Therefore, it becomes important to register any patents, trademarks, design rights, or copyrights in every country in that you want to sell your products. There is the option of either applying in each country and following the respective procedures for the registration of IP, or you may consider whether there is an international route available for the registration of IP. The World Intellectual Property Organization (WIPO) administers the Madrid, Hague, and PCT Systems, which conduct the international registration of trademarks, designs, and patents.

5. Data protection

Any business that transmits personal data outside of its own country needs to now be increasingly aware of the issues surrounding the protection of personal data. It must ensure that any personal data collected or processed is protected and secure.

It is important to consider the local laws around handling personal and sensitive customer data and that breach could expose a business to sanctions and fines. Many governments around the world are now adopting data protection legislation and the rules vary from country to country.

6. Security bonds

It is common for certain clients to expect suppliers of services to provide security or performance bonds, especially in relation to large projects with government entities. These requirements can be onerous and sometimes be a critical barrier to providing services in jurisdiction. Careful negotiation is required around this issue.

7. Governing law

The governing law of a contract is often heavily negotiated by UK companies. It is common for UK companies to insist on the governing law being English law and the courts of England and Wales having jurisdiction. If a foreign party agrees to this, it is important to consider whether the courts of that country will recognise such a provision. Similarly, even if it does, will the courts in the jurisdiction enforce judgments of a court in England and Wales without reopening the merits of the case?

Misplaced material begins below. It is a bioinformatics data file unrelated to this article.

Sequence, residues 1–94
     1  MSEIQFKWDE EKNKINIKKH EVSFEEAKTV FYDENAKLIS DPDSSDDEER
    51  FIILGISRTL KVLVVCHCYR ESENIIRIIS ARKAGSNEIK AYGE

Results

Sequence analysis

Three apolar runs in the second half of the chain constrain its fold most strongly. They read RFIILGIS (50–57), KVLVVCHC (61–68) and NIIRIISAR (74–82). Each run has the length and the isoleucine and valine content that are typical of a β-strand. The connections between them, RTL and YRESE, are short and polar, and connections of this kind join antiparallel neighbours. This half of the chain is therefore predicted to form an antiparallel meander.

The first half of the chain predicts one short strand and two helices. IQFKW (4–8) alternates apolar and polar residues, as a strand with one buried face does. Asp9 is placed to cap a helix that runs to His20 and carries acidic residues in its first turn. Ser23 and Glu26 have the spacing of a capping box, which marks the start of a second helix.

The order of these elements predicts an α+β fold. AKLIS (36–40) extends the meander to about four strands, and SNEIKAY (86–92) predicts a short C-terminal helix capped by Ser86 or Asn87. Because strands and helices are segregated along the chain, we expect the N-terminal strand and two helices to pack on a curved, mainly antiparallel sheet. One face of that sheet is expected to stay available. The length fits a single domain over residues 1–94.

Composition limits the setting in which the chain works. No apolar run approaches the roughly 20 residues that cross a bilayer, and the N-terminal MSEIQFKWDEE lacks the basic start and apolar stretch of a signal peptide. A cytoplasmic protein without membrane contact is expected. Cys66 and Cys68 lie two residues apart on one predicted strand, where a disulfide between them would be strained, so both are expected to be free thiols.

8. Arbitration

To settle conflicts, some businesses prefer to rely on arbitration instead of adjudication by a local court. Arbitration offers a good alternative to courts provided that the courts of the local jurisdiction recognise arbitration awards and clauses. It is important to check if the host country is a signatory to the New York convention which ensures that signatories recognise such awards in the same way as domestic awards.

There may also be local requirements that need to be followed by a party to ensure that it can be bound to an arbitration clause. Considerations such as seat of arbitration, arbitration rules and language should also be considered.

9. Free trade agreements

The UK has signed a number of bilateral agreements with various countries setting out certain obligations affecting trade and goods and services between the countries. It is worth considering whether any such agreement is in place between the UK and the host country, as this may facilitate doing business in that country. The UK is currently negotiating a number of free trade agreements including one with the Gulf Cooperation Council.

10. Culture and customs

Whilst not a legal issue, consider where you are doing business and the cultural considerations involved in negotiations and successful business practices.

It is essential to use legal advisors who regularly advise businesses dealing with foreign countries. Likewise, lawyers who have practised or qualified in certain jurisdictions will have unique, specialist knowledge in engaging with local firms and doing business internationally, making them well-placed to provide the right advice.